Everyone reading this (except you robots out there) inherited genes from their mother and father. This is the predominant way, in multicellular animals and plants, for genes to be transferred from one organism to another, from parent to child, and is called vertical gene transfer. But less commonly, genes can be transferred from an individual unrelated to you, possibly from a different species, and is called horizontal gene transfer. Viruses accomplish horizontal gene transfer naturally, while in the lab, genetic engineers use viruses to transfer genes horizontally to create genetically modified organisms.
The gene syncytin-2, which produces an essential membrane between the mammalian placenta and the developing fetus, appears to have come from retroviruses, who use the gene to produce a membrane around their virus capsule. If our ancestors had not acquired this retrovirus gene, you and I would not be here today. We have to be grateful for horizontal gene transfer.
Now for the speculative part of this article. Velvet worms (Onychophora) are a whole phylum (major group) of animals most people have never encountered. They look kind of like a cross between an earthworm and a millipede.
Nowadays, they are tropical and terrestrial, but their marine relatives once occurred 500 million years ago. Unusual for their bizarre habit of shooting strings of glue at their prey, some (not all) velvet worms have placentas. That leads me to two questions, the answers to which I do not know. (1) Did retroviruses transfer this essential membrane-producing gene to the velvet worms, as they did for mammals? (2) Do the velvet worms that have a placenta also have a belly button?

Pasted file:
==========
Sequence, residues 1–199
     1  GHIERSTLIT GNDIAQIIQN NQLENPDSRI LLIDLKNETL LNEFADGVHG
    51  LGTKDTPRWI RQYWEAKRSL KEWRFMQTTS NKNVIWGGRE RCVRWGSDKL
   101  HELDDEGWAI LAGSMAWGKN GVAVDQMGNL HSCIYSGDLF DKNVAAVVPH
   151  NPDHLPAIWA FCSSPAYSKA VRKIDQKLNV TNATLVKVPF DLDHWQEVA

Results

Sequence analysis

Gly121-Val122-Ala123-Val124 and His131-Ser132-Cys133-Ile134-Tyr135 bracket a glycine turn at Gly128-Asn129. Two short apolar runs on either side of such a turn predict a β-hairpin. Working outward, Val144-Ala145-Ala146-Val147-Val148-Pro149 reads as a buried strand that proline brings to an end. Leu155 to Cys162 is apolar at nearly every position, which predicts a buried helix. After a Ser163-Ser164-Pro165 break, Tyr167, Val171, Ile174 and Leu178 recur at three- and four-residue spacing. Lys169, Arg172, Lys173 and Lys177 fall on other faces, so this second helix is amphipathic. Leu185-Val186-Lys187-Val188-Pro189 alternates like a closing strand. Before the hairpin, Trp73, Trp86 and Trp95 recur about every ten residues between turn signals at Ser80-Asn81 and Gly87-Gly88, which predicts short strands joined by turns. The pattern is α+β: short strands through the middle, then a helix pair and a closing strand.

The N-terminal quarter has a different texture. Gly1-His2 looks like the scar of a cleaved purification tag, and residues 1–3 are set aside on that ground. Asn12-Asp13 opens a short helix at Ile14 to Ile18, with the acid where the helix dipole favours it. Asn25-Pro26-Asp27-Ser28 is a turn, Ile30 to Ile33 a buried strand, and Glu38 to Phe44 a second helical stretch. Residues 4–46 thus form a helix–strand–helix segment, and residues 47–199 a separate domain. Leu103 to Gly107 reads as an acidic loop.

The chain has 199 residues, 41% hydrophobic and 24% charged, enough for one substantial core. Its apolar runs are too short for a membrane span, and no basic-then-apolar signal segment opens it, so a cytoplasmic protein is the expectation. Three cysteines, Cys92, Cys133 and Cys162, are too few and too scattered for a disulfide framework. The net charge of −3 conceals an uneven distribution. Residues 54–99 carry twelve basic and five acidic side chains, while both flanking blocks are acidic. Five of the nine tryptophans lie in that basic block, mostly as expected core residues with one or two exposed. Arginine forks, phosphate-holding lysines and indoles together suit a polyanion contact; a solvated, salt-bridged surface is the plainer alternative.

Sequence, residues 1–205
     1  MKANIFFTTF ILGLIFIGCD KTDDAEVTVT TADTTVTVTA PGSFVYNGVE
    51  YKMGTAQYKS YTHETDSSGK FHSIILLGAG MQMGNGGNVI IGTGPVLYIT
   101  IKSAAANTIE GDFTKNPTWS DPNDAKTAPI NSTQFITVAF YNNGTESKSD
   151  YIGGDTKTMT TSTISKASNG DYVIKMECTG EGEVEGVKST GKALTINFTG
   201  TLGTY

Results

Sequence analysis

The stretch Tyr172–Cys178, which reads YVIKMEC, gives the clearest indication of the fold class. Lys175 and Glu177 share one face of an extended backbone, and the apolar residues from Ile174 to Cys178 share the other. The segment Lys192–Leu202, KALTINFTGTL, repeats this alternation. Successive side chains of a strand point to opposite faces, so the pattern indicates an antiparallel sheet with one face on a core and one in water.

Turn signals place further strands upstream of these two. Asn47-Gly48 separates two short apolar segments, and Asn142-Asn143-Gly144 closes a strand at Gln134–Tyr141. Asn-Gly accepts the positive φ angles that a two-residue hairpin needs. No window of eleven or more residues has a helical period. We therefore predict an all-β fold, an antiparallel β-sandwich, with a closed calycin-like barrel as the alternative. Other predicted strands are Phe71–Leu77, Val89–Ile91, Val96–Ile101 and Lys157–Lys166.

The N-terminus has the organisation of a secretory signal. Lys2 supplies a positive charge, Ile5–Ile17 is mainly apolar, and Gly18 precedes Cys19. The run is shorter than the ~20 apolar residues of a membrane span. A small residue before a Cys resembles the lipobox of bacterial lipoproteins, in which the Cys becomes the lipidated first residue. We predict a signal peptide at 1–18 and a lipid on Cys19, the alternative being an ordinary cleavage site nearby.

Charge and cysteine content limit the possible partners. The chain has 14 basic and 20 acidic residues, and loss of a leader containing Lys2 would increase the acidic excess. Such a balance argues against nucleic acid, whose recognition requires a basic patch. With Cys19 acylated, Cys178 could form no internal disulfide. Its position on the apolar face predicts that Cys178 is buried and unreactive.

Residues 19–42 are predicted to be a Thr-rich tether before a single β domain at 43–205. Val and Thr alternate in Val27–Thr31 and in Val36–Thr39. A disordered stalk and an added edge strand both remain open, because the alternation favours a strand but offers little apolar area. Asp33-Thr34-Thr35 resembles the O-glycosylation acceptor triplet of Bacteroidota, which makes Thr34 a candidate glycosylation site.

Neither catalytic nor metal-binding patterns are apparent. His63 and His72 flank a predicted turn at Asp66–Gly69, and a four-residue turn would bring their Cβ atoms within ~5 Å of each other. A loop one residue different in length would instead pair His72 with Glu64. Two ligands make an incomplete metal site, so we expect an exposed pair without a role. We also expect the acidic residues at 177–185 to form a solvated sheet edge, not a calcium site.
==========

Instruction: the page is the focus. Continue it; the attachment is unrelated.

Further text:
To address the question whether retroviruses transferred the gene, researchers could examine whether the syncytin-2 gene occurs in velvet worms, and if so, determine whether the gene’s DNA in velvet worms matches that of the retroviruses? Finding a close DNA match for the syncytin-2 gene in both groups of organisms would be a strong case that the retroviruses are responsible. To determine whether they have a belly button, let’s get some velvet worms and scrutinize their bellies with a microscope.
Timothy A. Pearce, PhD, is the head of the mollusks section at Carnegie Museum of Natural History. Museum employees are encouraged to blog about their unique experiences and knowledge gained from working at the museum.